Dr. Rains talks TAVR procedure

KELLY FARRELL | The Sun

Dr. Martin Rains, interventional/structural cardiologist for Baptist Health Medical Group, addressed Paducah Rotarians on Wednesday at the Carson Center's Myre River Room. He mainly focused on the TAVR (Transcatheter Aortic Valve Replacement) procedure, which was first performed at Baptist Health Paducah in October 2019. It's used to treat aortic stenosis.

Transcatheter aortic valve replacement is not just a medical procedure in Dr. Martin Rains' eyes.

It's also a statement.

"This is a statement both to the people of our community and our region, but really throughout the state that, medically, Paducah is on the forefront," he said. " ... We're offering advanced-level care that competes with the big cities and, traditionally, our patients, our family, our friends have had to go to (the cities) to see that."

Rains, who attended Paducah Tilghman High School, served as this week's Rotary Club of Paducah speaker at its Wednesday meeting in the Carson Center's Myre River Room. He's an interventional/structural cardiologist for Baptist Health Paducah and detailed some of the "nuts and bolts" of TAVR for Paducah Rotarians, before taking some questions.

TAVR, he explained, is a potential alternative to open-heart surgery for patients that was implemented locally by Baptist Health Paducah in 2019. It tackles the valve disease of aortic stenosis, or narrowing of the aortic valve. The disease can restrict blood flow.

Aortic stenosis happens most commonly due to aging, according to Rains.

"It's really nothing that anyone does to themselves like many other heart conditions," he said. "This is honestly just something that happens because your heart is beating how many billions of times throughout your life."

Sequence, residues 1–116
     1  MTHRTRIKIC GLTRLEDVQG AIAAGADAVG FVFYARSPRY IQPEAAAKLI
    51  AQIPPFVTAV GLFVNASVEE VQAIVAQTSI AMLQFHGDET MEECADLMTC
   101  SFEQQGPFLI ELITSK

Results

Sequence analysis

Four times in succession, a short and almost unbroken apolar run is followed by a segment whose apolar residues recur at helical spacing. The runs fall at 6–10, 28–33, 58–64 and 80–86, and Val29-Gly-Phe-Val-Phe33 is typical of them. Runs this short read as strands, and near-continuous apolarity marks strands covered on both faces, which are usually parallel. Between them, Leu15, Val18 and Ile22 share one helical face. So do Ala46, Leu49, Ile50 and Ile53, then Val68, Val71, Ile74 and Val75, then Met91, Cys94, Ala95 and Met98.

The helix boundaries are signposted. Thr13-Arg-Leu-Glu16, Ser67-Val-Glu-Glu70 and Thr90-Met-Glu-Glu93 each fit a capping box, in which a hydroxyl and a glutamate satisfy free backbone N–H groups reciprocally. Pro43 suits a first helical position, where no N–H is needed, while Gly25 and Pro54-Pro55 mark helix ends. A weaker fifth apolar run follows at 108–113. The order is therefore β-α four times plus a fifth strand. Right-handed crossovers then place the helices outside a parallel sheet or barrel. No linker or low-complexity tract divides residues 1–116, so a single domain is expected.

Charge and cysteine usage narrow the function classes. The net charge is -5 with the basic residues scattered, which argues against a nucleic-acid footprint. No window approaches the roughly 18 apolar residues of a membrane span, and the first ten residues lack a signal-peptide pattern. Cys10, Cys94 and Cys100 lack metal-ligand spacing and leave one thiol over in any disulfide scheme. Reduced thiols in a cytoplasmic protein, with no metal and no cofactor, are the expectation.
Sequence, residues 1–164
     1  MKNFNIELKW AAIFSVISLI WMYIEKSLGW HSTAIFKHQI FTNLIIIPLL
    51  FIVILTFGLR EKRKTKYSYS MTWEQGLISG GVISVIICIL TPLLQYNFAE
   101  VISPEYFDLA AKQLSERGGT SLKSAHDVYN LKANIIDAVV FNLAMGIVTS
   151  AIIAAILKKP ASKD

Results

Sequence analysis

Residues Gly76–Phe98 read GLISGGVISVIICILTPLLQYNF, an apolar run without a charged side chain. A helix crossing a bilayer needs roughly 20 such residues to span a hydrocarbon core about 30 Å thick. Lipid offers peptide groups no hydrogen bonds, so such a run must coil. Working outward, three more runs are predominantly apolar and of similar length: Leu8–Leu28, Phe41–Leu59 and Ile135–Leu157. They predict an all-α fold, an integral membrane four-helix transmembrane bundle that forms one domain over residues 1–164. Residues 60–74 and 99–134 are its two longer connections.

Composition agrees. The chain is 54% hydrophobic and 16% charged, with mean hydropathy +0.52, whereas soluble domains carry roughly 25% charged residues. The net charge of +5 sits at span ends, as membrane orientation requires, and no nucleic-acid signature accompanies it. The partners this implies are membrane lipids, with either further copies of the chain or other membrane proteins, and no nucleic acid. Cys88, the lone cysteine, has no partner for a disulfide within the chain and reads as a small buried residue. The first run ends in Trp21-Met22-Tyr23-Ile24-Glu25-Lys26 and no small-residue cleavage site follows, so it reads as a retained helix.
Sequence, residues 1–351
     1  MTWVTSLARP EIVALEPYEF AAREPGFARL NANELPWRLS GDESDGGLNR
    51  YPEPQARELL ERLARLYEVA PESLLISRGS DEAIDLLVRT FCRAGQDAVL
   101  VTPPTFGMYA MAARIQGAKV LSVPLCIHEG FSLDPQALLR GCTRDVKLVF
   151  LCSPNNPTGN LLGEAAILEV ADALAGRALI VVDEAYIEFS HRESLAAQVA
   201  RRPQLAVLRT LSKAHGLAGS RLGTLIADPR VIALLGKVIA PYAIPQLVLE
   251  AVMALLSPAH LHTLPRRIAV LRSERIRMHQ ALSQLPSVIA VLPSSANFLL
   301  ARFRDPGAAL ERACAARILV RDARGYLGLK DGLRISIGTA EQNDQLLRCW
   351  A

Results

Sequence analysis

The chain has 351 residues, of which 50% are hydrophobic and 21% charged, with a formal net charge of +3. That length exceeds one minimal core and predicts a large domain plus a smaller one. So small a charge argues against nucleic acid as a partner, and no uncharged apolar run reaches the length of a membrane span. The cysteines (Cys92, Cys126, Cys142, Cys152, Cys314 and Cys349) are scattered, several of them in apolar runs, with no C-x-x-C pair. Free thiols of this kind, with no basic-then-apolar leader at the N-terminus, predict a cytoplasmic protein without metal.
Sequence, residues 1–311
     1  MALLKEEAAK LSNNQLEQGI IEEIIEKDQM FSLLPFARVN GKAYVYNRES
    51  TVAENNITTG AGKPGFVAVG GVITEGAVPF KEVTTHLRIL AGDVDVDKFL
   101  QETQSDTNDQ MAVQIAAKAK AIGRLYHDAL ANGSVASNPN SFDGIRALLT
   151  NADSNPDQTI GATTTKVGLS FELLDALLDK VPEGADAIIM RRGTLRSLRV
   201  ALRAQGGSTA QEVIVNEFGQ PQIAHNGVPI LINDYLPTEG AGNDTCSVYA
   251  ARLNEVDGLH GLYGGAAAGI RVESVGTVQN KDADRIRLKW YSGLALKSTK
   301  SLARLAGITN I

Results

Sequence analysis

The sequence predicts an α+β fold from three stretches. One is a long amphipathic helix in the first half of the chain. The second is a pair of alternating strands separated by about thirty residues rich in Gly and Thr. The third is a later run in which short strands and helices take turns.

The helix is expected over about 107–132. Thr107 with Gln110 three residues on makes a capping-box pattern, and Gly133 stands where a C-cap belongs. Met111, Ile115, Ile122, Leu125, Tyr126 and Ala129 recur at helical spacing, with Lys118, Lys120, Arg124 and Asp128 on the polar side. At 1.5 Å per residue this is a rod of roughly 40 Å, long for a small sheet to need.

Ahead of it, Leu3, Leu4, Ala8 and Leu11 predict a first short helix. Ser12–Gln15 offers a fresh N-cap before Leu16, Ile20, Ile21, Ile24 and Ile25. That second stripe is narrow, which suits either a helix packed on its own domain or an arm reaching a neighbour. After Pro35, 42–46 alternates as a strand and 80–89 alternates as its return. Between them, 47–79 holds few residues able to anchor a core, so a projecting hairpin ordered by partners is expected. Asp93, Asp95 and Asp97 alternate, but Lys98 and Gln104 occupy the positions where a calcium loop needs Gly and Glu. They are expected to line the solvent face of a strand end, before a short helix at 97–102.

TAVR involves inserting a catheter, which is guided to the heart and delivers the valve replacement. It offers a shorter recovery time due to its less-invasive nature. Rains estimated the average procedure time is 60-90 minutes.

"You're looking at a one- or two-day stay in the hospital, as opposed to traditional open-heart surgery -- (which) is probably five, six, seven days bare minimum," he said.

The procedure was first performed at Baptist Health Paducah on Oct. 22, 2019, and seven patients were successfully treated before the end of the year.

However, Rains noted patients are evaluated to decide which option is better for them, as each person is different. Medical staff also look at other factors, such as comorbidities or medical problems.

"I think most people in our field would argue that aside from the first open-heart surgery done here in the mid '80s, this is the single biggest advance in health care for this region since then, because it opens up a whole new breadth of options," he said.

(0) comments

Welcome to the discussion.

Keep it Clean. Please avoid obscene, vulgar, lewd, racist or sexually-oriented language.
PLEASE TURN OFF YOUR CAPS LOCK.
Don't Threaten. Threats of harming another person will not be tolerated.
Be Truthful. Don't knowingly lie about anyone or anything.
Be Nice. No racism, sexism or any sort of -ism that is degrading to another person.
Be Proactive. Use the 'Report' link on each comment to let us know of abusive posts.
Share with Us. We'd love to hear eyewitness accounts, the history behind an article.

Thank you for reading!

Please log in, or sign up for a new account and purchase a subscription to read or post comments.